Man's best friend is good for many things: games of fetch, couch cuddles, and now potentially preventing dangerous health hazards for diabetes patients. Researchers at the University of Cambridge recently found that dogs' heightened senses of smell could be utilized to detect a chemical that is released during hypoglycemic episodes.
These episodes occur when a type 1 diabetes patients' blood sugar levels drops to dangerously low levels, but scientists suggest that canines can be taught to help prevent these threatening health conditions. According to UPI, hypoglycemic episodes can occur with very little warning and bring about fatigue, disorientation, and shakiness—and at their worst, seizures. While type 1 diabetes patients test themselves multiple times a day to monitor their blood sugar levels due to their bodies' inability to produce insulin, hypoglycemia can occur swiftly and unexpectedly.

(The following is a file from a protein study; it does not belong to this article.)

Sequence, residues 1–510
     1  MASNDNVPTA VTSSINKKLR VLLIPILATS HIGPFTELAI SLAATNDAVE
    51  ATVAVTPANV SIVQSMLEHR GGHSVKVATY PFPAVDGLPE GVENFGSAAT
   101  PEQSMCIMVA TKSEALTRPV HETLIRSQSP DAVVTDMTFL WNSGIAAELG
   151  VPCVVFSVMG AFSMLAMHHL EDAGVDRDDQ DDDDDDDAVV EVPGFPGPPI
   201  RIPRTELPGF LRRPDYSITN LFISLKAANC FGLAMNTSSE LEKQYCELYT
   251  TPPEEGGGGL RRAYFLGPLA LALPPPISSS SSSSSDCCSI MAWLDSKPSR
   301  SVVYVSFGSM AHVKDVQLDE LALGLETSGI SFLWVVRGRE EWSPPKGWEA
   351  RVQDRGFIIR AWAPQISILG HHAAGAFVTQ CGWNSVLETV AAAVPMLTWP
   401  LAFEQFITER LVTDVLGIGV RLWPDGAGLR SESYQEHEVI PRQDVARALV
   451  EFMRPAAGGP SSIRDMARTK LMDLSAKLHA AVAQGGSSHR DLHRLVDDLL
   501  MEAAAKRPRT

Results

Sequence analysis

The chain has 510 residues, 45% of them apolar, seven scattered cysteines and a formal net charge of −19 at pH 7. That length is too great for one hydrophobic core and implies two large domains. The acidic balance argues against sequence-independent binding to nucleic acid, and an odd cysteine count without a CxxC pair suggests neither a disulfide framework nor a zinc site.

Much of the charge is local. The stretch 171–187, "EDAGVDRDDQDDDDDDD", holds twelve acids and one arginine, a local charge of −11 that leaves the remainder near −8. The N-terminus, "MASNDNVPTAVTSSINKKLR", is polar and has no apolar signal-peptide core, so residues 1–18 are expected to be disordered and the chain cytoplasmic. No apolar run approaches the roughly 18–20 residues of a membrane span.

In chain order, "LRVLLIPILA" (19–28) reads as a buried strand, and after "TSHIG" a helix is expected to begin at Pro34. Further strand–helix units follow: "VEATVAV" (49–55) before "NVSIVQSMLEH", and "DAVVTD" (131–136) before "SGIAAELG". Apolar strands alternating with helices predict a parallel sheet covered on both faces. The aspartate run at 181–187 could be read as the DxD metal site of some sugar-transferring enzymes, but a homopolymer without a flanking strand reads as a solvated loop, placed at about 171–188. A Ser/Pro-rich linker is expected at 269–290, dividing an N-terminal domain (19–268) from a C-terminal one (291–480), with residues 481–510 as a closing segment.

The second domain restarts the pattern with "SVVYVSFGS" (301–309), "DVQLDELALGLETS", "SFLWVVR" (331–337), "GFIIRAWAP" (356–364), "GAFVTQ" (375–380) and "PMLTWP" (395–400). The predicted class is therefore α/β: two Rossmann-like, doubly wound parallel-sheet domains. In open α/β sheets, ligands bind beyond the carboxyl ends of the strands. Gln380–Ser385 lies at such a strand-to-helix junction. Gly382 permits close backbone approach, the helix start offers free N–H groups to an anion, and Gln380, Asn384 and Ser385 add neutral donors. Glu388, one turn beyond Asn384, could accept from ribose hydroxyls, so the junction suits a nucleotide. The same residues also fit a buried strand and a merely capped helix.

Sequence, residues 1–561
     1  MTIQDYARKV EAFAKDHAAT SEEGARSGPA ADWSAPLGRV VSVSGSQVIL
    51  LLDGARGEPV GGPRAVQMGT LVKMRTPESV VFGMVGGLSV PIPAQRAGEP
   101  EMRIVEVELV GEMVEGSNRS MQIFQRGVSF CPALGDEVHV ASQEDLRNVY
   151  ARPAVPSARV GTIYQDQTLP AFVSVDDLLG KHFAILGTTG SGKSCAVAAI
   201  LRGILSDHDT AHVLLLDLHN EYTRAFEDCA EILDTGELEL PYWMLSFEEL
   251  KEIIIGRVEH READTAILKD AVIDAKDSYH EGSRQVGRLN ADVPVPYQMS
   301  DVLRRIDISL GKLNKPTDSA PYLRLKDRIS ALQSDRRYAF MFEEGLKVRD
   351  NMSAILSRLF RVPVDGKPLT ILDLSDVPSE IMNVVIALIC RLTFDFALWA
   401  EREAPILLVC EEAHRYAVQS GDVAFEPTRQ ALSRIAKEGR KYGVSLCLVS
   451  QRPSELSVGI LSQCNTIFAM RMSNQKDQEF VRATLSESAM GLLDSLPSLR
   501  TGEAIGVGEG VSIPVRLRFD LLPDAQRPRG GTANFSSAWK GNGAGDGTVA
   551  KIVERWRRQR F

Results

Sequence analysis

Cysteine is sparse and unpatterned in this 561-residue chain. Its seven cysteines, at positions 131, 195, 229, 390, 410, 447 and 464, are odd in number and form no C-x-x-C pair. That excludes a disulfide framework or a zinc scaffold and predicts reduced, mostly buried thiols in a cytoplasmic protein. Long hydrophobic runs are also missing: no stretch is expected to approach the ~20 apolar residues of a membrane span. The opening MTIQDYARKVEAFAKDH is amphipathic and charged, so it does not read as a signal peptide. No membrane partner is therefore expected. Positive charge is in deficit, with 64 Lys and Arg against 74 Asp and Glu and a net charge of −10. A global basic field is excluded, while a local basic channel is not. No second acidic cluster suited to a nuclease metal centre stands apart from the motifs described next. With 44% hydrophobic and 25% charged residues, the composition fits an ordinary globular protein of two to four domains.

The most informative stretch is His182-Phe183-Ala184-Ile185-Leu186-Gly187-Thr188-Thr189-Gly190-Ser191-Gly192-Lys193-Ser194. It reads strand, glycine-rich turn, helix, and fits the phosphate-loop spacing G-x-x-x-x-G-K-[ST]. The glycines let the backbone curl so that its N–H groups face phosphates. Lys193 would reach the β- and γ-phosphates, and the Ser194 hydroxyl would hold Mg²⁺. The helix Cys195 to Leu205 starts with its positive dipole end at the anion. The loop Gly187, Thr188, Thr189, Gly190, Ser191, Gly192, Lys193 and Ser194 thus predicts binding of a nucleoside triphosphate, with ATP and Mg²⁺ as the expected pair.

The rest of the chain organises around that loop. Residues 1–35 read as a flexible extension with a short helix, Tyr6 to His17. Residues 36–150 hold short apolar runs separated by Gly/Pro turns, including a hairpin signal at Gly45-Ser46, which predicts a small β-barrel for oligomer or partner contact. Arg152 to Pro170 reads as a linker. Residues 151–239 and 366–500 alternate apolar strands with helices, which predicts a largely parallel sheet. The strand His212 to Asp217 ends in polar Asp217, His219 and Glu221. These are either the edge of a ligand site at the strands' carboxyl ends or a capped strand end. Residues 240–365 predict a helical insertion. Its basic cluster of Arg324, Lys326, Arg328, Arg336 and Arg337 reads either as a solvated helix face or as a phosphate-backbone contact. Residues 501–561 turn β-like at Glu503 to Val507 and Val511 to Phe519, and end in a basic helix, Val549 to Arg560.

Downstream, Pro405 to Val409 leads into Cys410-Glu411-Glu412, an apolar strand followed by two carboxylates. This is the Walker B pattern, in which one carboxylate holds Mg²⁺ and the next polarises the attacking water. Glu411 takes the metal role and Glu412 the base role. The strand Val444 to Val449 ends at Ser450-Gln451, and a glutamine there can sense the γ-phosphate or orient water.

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The study, which was published in the journal Diabetes Care, suggests that our furry friends could help manage these outbreaks. When a hypoglycemic episode occurs, a person exhales higher levels of a certain chemical. Having heard reports of dogs seemingly sensing drops in blood sugar, the scientists at the University of Cambridge tested to see if dogs could detect the change in their owners' breath. Claire Pesterfield, a pediatric diabetes specialist nurse who had experienced this phenomenon herelf with her dog, Magic, aided in the study. "Magic is incredible—he's not just a wonderful companion, but he's my 'nose' to warn me if I'm a risk of hypo," she says, adding that low blood sugar is a constant daily threat to her.